July 27, 2010
Health Sciences Campus, Kochi
Dr. Sundar Cherala, the Interventional Pain Physician and Medical Director from Fox Valley Pain Center, Chicago, was in Amrita recently to deliver a talk on Diagnosis and Management of Back Pain.
An expert in managing pain and in performing various interventional procedures, Dr. Sundar presented his thoughts on this common condition that can affect anyone, regardless of age. The doctor elaborated on various kinds of back pain diagnoses he had encountered in his clinical practice.
“Lower back pain or lumbago is defined as mild to severe pain in the lumbar portion of the back,” he explained. “The lumbar vertebrae, L1-L5, are most frequently involved in back pain; these carry the most amount of body weight and are subject to the largest forces and stresses along the spine.”
“The most common type of back pain is that arising from muscular aches and pains,” he elaborated. “A common area in the lower back prone to pain is the area of the joints between the vertebrae called the facet joints or the zygapophysial joints. The pain here tends to be very localized.”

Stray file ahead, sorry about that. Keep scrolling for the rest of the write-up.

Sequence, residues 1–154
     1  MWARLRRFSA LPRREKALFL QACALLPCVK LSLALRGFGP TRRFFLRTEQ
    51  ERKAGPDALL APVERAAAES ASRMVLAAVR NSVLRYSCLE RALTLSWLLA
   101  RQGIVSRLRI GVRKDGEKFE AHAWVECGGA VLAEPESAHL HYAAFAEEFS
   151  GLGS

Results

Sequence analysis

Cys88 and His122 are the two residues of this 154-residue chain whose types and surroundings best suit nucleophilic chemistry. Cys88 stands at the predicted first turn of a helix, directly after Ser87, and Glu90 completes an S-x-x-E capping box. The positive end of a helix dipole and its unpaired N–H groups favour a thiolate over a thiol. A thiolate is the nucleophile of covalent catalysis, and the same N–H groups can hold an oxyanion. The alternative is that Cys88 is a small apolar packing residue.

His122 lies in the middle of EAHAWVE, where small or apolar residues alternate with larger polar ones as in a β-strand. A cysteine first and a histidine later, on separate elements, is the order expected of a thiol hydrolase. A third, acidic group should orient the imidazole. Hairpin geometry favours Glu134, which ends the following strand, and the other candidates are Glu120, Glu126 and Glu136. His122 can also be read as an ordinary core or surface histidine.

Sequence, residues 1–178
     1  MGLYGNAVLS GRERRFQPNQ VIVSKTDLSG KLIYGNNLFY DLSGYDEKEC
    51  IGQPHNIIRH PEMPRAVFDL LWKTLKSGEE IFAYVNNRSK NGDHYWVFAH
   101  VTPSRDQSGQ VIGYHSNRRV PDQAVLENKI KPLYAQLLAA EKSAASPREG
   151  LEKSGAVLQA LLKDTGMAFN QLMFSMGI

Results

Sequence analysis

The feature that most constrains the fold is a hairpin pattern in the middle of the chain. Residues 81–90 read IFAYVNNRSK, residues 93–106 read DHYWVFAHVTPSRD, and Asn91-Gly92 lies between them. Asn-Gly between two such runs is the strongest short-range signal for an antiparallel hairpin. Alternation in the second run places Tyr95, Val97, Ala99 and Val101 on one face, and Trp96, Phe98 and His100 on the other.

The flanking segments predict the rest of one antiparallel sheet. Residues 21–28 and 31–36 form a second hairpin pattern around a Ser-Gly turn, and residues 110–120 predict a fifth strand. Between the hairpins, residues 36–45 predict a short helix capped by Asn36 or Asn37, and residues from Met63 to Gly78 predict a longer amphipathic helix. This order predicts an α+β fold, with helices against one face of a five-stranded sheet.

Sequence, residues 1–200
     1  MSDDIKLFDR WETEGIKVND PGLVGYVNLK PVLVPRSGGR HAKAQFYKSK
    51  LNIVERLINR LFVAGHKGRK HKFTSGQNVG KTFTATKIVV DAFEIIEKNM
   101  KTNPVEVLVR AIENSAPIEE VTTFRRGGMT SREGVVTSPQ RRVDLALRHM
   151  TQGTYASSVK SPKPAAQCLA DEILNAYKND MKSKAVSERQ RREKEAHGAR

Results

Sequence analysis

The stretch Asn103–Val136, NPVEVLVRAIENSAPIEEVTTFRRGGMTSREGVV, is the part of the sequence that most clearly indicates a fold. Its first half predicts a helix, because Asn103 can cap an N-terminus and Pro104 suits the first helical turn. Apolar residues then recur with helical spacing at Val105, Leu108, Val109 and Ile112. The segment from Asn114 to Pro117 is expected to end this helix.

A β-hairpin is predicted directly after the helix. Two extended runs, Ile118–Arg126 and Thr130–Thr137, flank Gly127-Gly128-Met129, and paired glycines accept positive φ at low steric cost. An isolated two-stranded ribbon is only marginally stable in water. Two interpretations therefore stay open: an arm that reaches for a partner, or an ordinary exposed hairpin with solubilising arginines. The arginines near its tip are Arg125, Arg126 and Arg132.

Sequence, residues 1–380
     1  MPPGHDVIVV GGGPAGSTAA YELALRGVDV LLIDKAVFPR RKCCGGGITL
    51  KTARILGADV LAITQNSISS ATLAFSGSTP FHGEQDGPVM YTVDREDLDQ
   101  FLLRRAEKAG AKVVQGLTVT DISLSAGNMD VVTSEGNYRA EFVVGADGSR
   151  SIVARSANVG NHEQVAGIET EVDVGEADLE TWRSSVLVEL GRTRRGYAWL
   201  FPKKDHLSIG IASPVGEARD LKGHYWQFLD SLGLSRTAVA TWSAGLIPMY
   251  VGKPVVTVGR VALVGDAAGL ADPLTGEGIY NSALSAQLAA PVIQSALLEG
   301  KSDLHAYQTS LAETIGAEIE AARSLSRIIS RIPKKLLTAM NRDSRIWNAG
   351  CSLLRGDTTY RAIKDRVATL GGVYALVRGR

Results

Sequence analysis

“The classic lower back pain can also be due to displacement of the cartilaginous cushions between the vertebrae or the intervertebral discs. This pain can be localized or it radiate down.”
Radiating pain usually occurs when the nerve root is pinched, explained the doctor. Coughing, sneezing, straining for bowel movements, etc. can aggravate this pain.
The doctor recalled the example of a patient who had an L4-L5 intervertebral disc, that caused a significant left-sided herniation, where the left-sided nerve was significantly compromised, causing very severe back pain to the patient.
“Sacroiliac joint pains are the most difficult to manage since the joints are fixed, with very little movement,” the doctor added.
“Hip joint can be a source of pain; moreover patients do not often realize that the pain is coming from the hip. More and more patients are getting their joints replaced and there is always a leg length discrepancy (LLD), which puts more pressure on the sacroiliac joint causing problems.”
“Vertebra can also be a source of problems. Compression fractures from osteoporosis, high-speed traffic contributing significantly to traumatic problems of the spine, immune-compromised patients with discitis in the spine cause problems.”
“If the pain is worse at night time, where the patients are not able to sleep, it may be cancer.”
Dr. Cherala also enlightened the audience on various interventional aspects for back pain management such as lumbar epidural injections, transforaminal epidural injections, cervical epidurals, radio-frequency ablations, discogram, intradiscal electrothermoplasty (IDET), nucleoplasty, spinal cord stimulator and subachromial AC joint injections.